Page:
Wednesday, June 7, 2017
5 of Connecticut's Best Rural Ice Cream Stands
When I was a kid, my dad would sometimes take me to the Carvel store near our house for an ice cream cone. I didn't even like ice cream all that much - I remember I would eat a little bit of the cone and then wonder what the heck I was supposed to do with the rest of it before it melted down my arm - but I certainly recognized the appeal of going out for ice cream. And that, I think, is what my dad was going for: that summery, skip work for an hour, sit on a bench and eat a melty, chocolatey, childhood treat feeling. In retrospect, I wish that he, a transplanted New Yorker, had known about the plethora of ice cream outing opportunities that existed just beyond our little corner of the state.
Because while Connecticut lacks many things, it has more than its fair share of farms selling delicious, handmade ice cream in bucolic locations. The following five spots are all ones I've discovered since I began writing this blog. They are by no means the only places to get ice cream in Connecticut, but they're my favorites (so far.) I decided to restrict this list to outdoor stands, in rural settings, that in addition to large, rotating ice cream menus, also offer at least a few flavors of lower-fat, dairy-free, or sugar-free options. (Because I still don't really like ice cream as much as I like going to get ice cream, but I will travel many miles for good frozen yogurt and sorbet.)
Salem Valley Farms, Salem
They started making ice cream in 1988, but something about a trip to Salem Valley Farms takes me back to the 1950s...when I wasn't even close to being alive yet. Still, the simplicity of this little red stand with its unpaved parking lot and picnic tables gathered on a patch of grass is old-fashioned in the best way. And though I can't prove it, I think they use the most, and the biggest, chocolate chips.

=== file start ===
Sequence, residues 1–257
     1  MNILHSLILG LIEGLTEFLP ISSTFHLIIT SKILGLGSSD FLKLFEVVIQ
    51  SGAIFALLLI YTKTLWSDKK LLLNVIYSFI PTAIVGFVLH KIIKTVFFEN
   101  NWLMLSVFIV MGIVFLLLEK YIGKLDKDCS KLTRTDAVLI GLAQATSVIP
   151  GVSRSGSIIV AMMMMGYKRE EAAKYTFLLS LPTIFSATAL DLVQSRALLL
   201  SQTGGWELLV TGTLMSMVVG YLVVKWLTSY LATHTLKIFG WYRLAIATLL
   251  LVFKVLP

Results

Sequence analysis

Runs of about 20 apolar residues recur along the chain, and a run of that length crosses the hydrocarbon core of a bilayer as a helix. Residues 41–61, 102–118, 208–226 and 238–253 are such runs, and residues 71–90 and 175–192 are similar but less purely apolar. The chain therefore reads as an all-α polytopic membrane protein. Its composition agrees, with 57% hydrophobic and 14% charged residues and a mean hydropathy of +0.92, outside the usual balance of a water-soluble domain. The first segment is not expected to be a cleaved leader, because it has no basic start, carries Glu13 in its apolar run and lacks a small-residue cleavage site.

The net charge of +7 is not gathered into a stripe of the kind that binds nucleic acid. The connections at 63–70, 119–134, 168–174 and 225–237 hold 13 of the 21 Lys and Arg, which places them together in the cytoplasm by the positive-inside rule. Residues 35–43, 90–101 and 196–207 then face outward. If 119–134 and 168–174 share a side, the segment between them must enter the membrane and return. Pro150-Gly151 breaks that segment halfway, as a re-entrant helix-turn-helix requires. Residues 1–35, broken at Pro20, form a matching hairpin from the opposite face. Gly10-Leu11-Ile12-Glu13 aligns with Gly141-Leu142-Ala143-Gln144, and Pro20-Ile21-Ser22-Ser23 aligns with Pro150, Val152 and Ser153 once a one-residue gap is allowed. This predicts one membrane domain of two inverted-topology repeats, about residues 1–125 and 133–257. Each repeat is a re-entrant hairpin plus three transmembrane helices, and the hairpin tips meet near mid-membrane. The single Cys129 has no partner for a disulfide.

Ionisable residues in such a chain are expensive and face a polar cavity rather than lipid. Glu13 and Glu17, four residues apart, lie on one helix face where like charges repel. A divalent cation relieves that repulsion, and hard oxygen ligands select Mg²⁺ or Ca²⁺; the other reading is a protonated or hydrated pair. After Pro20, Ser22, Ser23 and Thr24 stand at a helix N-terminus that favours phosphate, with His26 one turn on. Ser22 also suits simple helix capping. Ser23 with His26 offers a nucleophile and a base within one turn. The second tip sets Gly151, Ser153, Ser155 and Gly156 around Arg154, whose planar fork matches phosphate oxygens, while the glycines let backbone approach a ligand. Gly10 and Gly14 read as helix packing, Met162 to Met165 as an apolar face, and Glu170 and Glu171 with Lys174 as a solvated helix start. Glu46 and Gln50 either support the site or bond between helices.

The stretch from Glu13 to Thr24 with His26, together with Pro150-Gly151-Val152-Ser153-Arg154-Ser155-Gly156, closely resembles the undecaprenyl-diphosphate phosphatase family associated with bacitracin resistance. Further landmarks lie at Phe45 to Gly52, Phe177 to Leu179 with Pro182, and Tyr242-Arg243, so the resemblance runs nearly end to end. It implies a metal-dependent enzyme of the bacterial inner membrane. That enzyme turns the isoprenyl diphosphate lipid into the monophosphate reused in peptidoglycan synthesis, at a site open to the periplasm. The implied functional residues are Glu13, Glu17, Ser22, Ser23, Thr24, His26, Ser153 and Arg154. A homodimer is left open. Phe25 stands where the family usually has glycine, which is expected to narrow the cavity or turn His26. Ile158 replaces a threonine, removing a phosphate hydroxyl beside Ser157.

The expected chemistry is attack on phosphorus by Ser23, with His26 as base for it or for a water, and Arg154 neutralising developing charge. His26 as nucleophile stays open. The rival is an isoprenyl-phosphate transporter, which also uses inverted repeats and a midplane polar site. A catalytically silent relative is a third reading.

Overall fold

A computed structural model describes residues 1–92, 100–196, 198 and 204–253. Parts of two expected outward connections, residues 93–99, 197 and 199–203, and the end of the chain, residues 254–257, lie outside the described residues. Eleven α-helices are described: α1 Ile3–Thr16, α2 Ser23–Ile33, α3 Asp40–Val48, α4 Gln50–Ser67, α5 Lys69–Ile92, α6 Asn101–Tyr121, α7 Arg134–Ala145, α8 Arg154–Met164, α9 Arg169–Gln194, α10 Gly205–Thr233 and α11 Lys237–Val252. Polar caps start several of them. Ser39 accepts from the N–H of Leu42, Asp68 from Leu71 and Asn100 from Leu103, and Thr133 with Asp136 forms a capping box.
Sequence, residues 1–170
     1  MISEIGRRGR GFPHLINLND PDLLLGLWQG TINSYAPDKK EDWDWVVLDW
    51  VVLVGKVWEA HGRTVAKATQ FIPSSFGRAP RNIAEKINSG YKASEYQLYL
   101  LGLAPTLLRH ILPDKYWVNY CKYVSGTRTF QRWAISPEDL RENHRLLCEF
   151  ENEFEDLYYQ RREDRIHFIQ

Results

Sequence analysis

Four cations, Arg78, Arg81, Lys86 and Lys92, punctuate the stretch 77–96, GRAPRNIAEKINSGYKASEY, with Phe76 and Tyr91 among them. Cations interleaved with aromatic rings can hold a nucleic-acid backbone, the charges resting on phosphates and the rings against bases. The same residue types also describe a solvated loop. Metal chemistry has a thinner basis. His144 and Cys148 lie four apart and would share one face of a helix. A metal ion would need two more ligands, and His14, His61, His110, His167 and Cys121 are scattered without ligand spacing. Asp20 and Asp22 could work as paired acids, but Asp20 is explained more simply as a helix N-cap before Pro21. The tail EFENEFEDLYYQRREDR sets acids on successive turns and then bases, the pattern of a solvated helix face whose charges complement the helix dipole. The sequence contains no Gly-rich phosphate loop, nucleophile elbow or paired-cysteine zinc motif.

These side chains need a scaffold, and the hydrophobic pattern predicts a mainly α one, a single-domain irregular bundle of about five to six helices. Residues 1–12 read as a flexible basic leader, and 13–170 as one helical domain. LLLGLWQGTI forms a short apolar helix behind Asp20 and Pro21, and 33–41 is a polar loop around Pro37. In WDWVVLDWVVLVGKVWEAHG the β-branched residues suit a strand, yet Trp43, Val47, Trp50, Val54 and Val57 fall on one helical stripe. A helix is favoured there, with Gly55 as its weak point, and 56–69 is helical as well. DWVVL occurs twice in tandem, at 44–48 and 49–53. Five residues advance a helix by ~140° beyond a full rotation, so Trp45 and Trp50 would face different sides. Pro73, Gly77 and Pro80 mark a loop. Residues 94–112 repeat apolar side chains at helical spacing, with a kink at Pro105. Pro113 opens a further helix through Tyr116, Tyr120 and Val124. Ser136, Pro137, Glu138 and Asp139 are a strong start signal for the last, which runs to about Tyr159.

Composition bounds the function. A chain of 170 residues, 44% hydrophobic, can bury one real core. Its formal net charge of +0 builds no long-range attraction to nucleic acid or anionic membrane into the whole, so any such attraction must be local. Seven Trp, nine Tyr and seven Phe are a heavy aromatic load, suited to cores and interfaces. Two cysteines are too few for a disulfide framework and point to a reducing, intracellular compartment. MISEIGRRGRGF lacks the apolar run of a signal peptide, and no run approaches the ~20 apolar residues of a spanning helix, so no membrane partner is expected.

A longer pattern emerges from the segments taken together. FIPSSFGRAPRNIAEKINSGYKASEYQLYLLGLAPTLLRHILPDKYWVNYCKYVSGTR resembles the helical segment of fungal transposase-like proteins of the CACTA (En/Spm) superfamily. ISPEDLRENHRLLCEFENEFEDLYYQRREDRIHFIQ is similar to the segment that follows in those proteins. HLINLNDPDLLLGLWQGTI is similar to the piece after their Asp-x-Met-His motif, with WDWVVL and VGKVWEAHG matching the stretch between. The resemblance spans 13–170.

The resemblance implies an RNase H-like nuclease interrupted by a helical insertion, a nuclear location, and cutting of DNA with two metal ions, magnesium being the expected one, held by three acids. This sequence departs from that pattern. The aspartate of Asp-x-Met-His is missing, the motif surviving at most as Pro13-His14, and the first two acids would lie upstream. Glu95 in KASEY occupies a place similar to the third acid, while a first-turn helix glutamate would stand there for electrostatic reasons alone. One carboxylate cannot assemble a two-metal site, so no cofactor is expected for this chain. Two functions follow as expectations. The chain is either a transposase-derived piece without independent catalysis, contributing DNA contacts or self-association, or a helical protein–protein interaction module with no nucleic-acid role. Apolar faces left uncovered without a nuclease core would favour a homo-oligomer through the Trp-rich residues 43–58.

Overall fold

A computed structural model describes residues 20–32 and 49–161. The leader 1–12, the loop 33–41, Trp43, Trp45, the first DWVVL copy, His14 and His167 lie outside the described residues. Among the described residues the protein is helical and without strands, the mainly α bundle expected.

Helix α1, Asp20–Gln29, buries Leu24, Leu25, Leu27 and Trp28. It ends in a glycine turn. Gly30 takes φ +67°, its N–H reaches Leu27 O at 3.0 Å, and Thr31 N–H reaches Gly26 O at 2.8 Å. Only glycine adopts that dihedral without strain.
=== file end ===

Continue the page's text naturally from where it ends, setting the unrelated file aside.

Rich Farm, Oxford
The first time I turned up the driveway to Rich Farm Ice Cream, slightly hidden away in the New Haven County countryside, I could tell this place was a local (and beyond local) favorite. It's named for the family who run it, not the richness of the ice cream, but that interpretation works too. There are picnic tables. There are silos. There are cows. There will probably be a line. Get on it.
The Collins Creamery, Enfield
The Collins Creamery, located in what its owners describe as "the quiet side of town," is not fancy. It's just a no-frills New England dairy farm where you can shovel tasty ice cream into your face while enjoying being surrounded by peaceful, wide open fields (on weekdays) and happy families (on weekend afternoons.)
Tulmeadow Farm, Simsbury
You probably wouldn't guess on first sight that there's ice cream for sale at the unassuming Tulmeadow Farm in West Simsbury. Driving past, you'd notice the displays of flowers and the cluster of old red buildings set among rolling hills. But stop and follow the excited children lining up in front of the little farm store, and you'll find a creamery with the best tasting cones ever. Yes, the cones themselves. Does anyone ever just eat cones without ice cream, straight from the package of cones? If so, these would be those cones.
Buttonwood Farms, Griswold
If you've driven past Buttonwood Farms in mid-summer, you've probably noticed the cars stopped along the side of the road and the acres of sunflowers in the fields. But past the sunflowers (sales of which go to Make-A-Wish Connecticut), and the corn maze, and the other fun attractions, there is yummy ice cream that's worth standing on a (sometimes very long) line for. And even if you miss the sunflowers, the eastern Connecticut setting is idyllic.
If this post inspires you to you go off in search of the best ice cream ever, keep in mind that ice cream stands like these are not the cheapest places to grab a frozen dessert, and many only take cash. Also, they will probably smell like cow and there may be bees, flies, and so on. It's all worth it.